Eunice Newton Foote was an American scientist who lived during the 19th century and is best known for her work on the greenhouse effect. Her research involved filling glass cylinders with different gases and exposing them to sunlight, measuring the temperature inside each cylinder. She found that the cylinders containing carbon dioxide and water vapor heated up more than the cylinders containing other gases. Foote concluded that these gases acted like a "blanket" around the Earth, trapping heat and causing the planet to warm. Her research was groundbreaking, and although she faced barriers as a woman in science, she was able to make significant contributions to our understanding of the Earth's climate. Foote's legacy serves as a reminder of the importance of recognizing the contributions of underrepresented groups in science.
Eunice Newton Foote was an American scientist who lived during the 19th century. She is best known for her work on the greenhouse effect, a phenomenon that describes how certain gases in the Earth's atmosphere trap heat and warm the planet. Although her contributions to science were significant, Foote is often overlooked in the history of science, as she was a woman and lived during a time when women were not given the same opportunities as men.
Early Life and Education
Eunice Newton was born in 1819 in Guilderland, New York. She grew up on a farm and received her education in local schools. She later attended the Troy Female Seminary in New York, which was one of the best schools for women in the country at the time. At the seminary, she studied science, mathematics, and other subjects that were not typically taught to women.
In 1843, she married Elisha Foote, a lawyer and inventor. Together, they moved to Seneca Falls, New York, where they became involved in the abolitionist movement and other social causes.
In the mid-19th century, scientists were just beginning to understand the role that gases played in the Earth's atmosphere. Foote became interested in this topic and began conducting experiments to study the greenhouse effect. In 1856, she presented her findings at a meeting of the American Association for the Advancement of Science, which was held in Albany, New York.
Foote's experiment involved filling glass cylinders with different gases, including carbon dioxide and water vapor. She then exposed the cylinders to sunlight and measured the temperature inside each cylinder. She found that the cylinders containing carbon dioxide and water vapor heated up more than the cylinders containing other gases. Foote concluded that these gases acted like a "blanket" around the Earth, trapping heat and causing the planet to warm.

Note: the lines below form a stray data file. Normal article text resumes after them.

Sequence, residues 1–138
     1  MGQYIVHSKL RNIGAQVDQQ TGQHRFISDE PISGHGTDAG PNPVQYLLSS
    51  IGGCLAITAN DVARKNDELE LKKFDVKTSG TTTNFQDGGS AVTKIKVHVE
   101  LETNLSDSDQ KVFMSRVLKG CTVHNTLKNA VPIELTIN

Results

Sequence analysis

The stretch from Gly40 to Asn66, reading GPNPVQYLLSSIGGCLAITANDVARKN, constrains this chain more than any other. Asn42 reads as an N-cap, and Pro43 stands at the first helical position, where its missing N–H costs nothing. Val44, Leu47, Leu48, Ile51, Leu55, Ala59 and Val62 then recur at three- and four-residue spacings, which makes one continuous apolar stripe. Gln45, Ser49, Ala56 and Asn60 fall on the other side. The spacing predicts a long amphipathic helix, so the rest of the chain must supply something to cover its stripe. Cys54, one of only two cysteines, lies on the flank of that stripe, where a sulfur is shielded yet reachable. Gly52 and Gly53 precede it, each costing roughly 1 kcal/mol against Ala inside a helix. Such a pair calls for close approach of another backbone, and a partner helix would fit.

Foote's research was ground-breaking, as it was one of the first studies to show that gases in the atmosphere could affect the Earth's temperature. Her findings were later confirmed by other scientists, including John Tyndall, who is often credited with discovering the greenhouse effect.
Legacy and Recognition
Despite her ground-breaking research, Foote's contributions to science were largely forgotten for many years. This was in part due to the fact that she was a woman, and women were not always given credit for their scientific work during this time period.
It was not until the 21st century that Foote began to receive more recognition for her contributions to science. In 2010, her work was highlighted in a book called "The Discovery of Global Warming" by Spencer Weart. In 2018, she was featured in a Google Doodle, which celebrated her contributions to science.
Eunice Newton Foote was a pioneering scientist who made significant contributions to our understanding of the greenhouse effect. Despite facing barriers as a woman in science, she was able to conduct ground-breaking research that paved the way for future scientists to study the Earth's climate. Her legacy serves as a reminder that scientific progress is made by individuals from all backgrounds and that we must continue to support and recognize the contributions of underrepresented groups in science.
/ ˌɪn.trə.ˈdʌk.ʃn̩ /
/ ˈjuː.nɪs ˈnjuː.tən ˈfʊt wəz ən ə.ˈmer.ɪk.ən ˈsaɪən.tɪst ˈhuː lɪvd ˈdjʊər.ɪŋ ðə ˌnaɪn.ˈtiːnθ ˈsen.tʃə.ri / ʃi ɪz best nəʊn fə hə ˈwɜːk ɒn ðə ˈɡriːn.haʊs ɪ.ˈfekt / ə fɪ.ˈnɒ.mɪ.nən ðət dɪ.ˈskraɪbz ˈhaʊ ˈsɜːt.n̩ ˈɡæ.sɪz ɪn ði ˈɜːθs ˈæt.mə.sfɪə træp hiːt ənd wɔːm ðə ˈplæ.nɪt / ɔːl.ˈðəʊ hə ˌkɒn.trɪ.ˈbjuːʃ.n̩z tə ˈsaɪəns wə sɪɡ.ˈnɪ.fɪkənt / ˈfʊt ɪz ˈɒf.n̩ ˌəʊv.ə.ˈlʊkt ɪn ðə ˈhɪ.str̩i əv ˈsaɪəns / əz ʃi wəz ə ˈwʊ.mən ənd lɪvd ˈdjʊər.ɪŋ ə ˈtaɪm wen ˈwɪ.mɪn wə nɒt ɡɪv.n̩ ðə seɪm ˌɒ.pə.ˈtjuː.nɪ.tɪz əz men /
/ ˈɜː.li laɪf ənd ˌe.dʒʊˈk.eɪʃ.n̩ /